Short is sweet for rampaging Rafa

  • Michael Beattie

When Rafael Nadal won the Australian Open in 2009, he reached the semifinals without dropping a set. Once there, he met compatriot Fernando Verdasco, the fellow southpaw at the height of his powers, who pushed him for five sets and five hours before he finally prevailed.

A decade on, the 17-time Grand Slam champion has booked his spot in a fifth Australian Open final without dropping a single set, backed by a first-strike strategy designed to keep points short behind his revamped, more powerful serve.

The results are nothing short of staggering. Of Nadal’s 197 winners at this Australian Open so far, 100 have come from the forehand. Another 39 have been aces. Of the 567 points he has won, 391 have been in four shots or less, with an average rally length of 3.73.

It’s been ruthless. It’s been relentless. But don’t call this aggressive charge a revolution, says the Spaniard.

“I was aggressive because I am playing well, no?” Nadal insisted after his 6-2 6-4 6-0 demolition of Stefanos Tsitsipas, the 20-year-old first-time Grand Slam semifinalist who was left bereft of ideas in the face of a merciless masterclass from the Mallorcan on Thursday. 

MORE: Rafa brings Tsitsipas story to abrupt end

“It’s nothing new that I am aggressive. The problem with myself is, because I had a lot of success on clay, people probably think I am not aggressive. I really believe that people who think that are completely wrong.

“Of course, I am not doing serve and volley. I am not hitting winners every ball. But I play all the shots with a goal. There is no better way to be aggressive than hit every shot with the goal to create damage on the opponent. That has been my goal during all my career.

“Today I can do that damage little bit earlier than before, because during this event I have been serving great. So, when you serve great, then the first ball normally is a little bit easier. That's probably the only reason. I had the determination to make that happen. That's all.

“I always tried to be aggressive. I have my mentality. You can't go against the way you understand the sport. I can't play trying to hit winners off every ball if I don't understand the sport that way. You can't deal with the pressure. The mental part has to go in front of the game: that's what I did during all my career.

“Today I have to adapt my game to the new time and to my age, that's all. That's what I did during all my career: just try to adapt my game with the circumstances that I went through. That's the only reason why, at this moment, I’m still here competing at a high level.

“I know during that 15, 16 years, 17 years of tennis, a professional tennis career, I’m going to lose things on the way, so I need to add new things. That's what I’ve tried to do all my career, to improve the things that I can improve.”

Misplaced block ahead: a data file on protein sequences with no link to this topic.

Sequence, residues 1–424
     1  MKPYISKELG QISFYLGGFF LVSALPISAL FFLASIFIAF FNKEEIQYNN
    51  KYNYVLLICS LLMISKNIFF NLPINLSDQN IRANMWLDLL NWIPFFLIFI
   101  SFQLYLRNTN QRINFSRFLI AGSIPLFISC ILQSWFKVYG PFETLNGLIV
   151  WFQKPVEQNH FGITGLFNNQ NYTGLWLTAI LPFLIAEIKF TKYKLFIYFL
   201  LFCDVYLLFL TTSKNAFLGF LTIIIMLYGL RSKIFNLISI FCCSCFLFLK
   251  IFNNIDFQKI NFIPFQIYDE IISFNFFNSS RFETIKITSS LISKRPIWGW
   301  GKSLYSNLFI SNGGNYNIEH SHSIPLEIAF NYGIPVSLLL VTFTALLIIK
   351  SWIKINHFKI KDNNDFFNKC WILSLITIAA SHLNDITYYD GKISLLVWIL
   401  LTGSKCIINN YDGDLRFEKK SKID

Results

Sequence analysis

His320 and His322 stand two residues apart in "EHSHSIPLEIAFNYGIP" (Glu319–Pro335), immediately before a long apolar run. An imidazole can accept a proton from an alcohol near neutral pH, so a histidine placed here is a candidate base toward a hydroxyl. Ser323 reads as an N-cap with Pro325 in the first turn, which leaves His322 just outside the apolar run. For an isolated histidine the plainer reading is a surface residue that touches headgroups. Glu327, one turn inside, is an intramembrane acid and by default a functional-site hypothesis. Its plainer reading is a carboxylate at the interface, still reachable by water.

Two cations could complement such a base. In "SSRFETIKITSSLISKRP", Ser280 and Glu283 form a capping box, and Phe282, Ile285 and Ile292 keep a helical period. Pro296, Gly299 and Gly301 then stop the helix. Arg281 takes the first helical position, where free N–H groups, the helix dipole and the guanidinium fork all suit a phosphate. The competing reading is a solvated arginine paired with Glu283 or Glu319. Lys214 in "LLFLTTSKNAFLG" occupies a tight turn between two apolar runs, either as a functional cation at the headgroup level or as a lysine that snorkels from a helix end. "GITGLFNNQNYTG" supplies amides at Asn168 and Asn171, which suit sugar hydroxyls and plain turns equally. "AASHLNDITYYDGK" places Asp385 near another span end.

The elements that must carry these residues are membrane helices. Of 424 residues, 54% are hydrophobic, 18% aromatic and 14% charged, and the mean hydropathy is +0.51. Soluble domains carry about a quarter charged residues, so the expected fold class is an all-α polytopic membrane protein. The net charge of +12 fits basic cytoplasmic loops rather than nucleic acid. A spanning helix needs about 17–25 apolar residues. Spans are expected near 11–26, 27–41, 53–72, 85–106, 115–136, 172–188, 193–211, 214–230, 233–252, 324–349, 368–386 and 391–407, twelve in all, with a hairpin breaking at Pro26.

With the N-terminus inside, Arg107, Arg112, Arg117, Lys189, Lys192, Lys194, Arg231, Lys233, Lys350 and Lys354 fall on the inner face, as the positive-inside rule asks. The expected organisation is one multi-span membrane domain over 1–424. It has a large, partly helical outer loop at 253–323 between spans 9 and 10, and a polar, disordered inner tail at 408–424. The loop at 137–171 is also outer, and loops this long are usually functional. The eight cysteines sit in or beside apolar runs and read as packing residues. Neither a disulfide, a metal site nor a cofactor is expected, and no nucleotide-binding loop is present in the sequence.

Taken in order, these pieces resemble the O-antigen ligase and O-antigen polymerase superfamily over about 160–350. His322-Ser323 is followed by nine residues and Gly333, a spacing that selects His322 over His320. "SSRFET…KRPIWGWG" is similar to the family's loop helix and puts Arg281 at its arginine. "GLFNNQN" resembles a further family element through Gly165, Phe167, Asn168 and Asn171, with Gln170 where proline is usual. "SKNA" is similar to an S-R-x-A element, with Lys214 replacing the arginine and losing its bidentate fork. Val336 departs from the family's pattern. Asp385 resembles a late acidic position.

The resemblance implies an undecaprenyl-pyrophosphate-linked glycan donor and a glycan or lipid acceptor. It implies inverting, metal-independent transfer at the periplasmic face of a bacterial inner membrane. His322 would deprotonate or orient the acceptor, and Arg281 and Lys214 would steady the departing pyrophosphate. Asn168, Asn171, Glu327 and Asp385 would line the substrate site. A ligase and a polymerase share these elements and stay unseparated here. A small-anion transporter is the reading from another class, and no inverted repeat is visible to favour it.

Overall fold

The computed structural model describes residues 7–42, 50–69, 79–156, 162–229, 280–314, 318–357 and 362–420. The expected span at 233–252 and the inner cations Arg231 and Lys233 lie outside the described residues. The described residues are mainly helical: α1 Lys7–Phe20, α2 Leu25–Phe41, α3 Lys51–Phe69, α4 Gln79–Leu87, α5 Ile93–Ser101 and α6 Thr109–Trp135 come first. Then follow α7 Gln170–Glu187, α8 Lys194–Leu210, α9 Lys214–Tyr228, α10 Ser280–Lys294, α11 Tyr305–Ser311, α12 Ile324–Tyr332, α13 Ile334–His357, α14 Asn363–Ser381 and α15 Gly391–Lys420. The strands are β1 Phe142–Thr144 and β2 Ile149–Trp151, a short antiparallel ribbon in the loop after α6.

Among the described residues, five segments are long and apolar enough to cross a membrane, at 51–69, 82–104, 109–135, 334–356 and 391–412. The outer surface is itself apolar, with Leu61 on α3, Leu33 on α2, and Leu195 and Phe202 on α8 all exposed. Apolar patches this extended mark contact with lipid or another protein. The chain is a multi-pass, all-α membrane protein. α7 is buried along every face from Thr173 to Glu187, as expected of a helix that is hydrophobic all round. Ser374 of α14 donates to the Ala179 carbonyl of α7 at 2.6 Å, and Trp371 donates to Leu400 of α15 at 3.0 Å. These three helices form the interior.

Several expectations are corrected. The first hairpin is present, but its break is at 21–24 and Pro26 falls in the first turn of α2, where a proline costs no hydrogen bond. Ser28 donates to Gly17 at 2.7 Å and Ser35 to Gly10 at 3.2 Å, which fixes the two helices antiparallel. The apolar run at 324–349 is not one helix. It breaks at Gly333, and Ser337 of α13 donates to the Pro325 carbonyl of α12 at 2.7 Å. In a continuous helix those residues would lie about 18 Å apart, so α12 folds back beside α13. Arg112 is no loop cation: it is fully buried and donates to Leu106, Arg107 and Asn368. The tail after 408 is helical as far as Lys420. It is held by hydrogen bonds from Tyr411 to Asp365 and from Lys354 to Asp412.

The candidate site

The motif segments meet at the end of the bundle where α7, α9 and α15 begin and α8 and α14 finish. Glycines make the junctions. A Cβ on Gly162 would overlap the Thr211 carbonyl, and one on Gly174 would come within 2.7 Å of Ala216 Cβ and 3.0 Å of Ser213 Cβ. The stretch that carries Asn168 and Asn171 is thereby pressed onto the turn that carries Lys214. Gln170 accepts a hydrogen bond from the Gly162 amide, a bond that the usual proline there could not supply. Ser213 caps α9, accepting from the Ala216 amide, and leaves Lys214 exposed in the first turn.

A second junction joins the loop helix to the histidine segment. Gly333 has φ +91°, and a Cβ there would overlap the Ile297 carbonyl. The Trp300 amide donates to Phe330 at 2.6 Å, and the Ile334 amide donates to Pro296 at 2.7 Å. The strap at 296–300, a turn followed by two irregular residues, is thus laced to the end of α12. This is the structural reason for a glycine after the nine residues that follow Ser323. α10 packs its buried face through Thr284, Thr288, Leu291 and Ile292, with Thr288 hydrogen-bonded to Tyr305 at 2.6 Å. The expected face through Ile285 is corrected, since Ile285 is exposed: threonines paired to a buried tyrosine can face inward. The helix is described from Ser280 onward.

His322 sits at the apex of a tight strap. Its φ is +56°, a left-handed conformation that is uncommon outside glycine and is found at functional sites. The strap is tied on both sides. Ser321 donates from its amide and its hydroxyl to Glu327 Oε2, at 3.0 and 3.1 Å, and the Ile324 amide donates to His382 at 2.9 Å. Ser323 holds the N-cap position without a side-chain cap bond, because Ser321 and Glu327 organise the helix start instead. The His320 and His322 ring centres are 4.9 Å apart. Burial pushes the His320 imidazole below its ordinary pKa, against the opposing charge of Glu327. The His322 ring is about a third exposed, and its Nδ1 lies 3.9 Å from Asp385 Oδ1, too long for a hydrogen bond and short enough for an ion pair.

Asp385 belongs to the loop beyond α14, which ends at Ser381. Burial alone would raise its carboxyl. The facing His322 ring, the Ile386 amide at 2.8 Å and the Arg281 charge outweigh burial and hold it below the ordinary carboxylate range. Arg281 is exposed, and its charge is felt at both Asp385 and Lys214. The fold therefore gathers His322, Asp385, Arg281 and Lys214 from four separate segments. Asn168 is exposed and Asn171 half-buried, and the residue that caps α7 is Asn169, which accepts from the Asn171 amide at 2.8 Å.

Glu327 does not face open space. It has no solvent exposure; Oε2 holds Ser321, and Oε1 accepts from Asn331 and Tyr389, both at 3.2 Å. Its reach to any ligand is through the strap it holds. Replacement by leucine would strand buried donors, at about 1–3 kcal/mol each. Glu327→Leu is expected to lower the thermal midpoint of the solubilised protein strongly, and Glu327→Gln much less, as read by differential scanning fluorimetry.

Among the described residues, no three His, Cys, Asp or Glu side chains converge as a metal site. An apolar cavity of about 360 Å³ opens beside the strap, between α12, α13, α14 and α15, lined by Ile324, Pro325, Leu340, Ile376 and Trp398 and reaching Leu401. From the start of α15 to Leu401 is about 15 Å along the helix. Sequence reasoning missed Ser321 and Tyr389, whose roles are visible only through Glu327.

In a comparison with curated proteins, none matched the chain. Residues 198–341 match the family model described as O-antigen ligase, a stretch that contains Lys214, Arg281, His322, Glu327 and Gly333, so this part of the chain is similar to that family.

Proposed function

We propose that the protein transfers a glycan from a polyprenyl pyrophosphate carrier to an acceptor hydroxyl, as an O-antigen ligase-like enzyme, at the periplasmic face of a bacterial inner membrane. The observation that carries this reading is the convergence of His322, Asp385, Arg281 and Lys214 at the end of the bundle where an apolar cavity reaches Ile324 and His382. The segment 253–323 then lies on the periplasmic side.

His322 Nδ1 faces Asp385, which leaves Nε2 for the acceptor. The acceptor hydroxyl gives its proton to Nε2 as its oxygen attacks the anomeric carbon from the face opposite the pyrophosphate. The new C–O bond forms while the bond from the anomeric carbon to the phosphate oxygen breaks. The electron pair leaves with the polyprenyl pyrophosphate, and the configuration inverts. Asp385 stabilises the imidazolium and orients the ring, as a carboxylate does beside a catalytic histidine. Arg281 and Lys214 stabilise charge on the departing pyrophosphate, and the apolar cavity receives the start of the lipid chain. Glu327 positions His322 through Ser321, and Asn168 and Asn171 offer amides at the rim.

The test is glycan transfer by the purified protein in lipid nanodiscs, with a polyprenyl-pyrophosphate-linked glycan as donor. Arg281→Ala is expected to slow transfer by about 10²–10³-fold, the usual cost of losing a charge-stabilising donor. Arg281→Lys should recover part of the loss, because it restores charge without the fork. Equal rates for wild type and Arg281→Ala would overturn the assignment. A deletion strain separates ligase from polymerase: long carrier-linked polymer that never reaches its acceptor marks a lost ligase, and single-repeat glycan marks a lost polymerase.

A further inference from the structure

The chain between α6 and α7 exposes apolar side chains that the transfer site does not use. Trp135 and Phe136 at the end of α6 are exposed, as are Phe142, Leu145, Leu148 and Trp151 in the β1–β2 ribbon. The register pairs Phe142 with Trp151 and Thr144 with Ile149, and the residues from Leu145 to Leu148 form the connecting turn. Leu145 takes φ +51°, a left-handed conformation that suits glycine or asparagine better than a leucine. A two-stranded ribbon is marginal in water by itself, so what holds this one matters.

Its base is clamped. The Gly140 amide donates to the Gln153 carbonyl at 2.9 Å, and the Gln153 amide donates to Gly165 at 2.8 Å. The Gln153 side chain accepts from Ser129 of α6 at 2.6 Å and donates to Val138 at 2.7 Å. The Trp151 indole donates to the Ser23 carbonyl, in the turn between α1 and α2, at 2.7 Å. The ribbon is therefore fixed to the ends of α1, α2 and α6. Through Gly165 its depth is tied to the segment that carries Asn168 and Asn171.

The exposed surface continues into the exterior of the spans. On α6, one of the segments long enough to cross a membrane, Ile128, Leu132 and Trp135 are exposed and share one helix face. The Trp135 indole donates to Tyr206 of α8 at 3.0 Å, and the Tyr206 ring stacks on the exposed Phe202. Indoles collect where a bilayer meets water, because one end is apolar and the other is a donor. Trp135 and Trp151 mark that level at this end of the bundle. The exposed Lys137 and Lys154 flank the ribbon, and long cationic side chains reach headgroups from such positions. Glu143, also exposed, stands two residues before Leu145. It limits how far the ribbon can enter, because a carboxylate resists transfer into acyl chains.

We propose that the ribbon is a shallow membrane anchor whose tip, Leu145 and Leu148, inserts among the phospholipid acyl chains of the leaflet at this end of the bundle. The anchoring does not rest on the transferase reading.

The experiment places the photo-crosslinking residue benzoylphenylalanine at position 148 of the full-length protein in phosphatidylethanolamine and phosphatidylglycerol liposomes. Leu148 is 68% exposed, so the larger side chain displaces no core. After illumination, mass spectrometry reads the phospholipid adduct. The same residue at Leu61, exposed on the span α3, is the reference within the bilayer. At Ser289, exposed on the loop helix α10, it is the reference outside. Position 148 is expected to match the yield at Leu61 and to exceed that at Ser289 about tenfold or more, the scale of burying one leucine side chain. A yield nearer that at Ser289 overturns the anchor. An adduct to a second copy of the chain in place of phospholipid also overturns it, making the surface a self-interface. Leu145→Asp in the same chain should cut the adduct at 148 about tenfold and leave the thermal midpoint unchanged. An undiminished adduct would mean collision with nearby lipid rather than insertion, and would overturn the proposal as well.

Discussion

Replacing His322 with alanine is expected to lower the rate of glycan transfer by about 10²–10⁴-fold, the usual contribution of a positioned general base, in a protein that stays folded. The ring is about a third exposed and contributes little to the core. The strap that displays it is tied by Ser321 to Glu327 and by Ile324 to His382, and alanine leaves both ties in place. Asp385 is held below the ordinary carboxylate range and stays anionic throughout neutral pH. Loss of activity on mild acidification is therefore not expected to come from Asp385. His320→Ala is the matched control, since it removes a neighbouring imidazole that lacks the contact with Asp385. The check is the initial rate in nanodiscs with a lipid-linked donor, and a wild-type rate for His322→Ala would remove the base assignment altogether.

For Tsitsipas, the defeat left him in a state of shock. In three meetings with Nadal he has failed to take a set, and while he took confidence from his watershed victory over Roger Federer in the fourth round at Melbourne Park, the 20-year-old admitted the manner of his defeat to Nadal left him with more questions than answers.

“Hopefully I get closer next time,” said the No.14 seed. “As it seems, it's going even worse than before. Against Rafa, I did play a good match in Toronto against him. I had my hopes high for the next time. I remember saying to myself, ‘I'm going to beat this guy next time I play him’. That's why I'm so disappointed today, because I wasn't even close.

“I really can't think of something positive on that match. Probably the second set, which was the one that I got closer to. The rest, it felt like in a way it wasn't tennis so much like the other matches that I played. It felt like a different dimension of tennis completely.

Tsitsipas struggled to find positives from his first major semifinal

“He gives you no rhythm. He plays a different game style than the rest of the players. He has this, I don't know, talent that no other player has. I've never seen a player have this. He makes you play bad. I would call that a talent.

“The angles that he was using … My brain was used to a certain rhythm of the game with all the righty players that I played this week. Him, it felt like I was always, when he was playing, on the wrong foot. Didn't check properly. Felt very slow today. I feel pretty fast when I'm on the court. I mean, I've improved a lot in that part of my game. Today I felt like a 2-meter-10 guy that can't move on the court. That's definitely not me. 

“Just felt weird. The whole match felt weird from the very beginning. My body was stiff. I wouldn't say I was serving very well. He just has a talent to make you play bad. That's it.”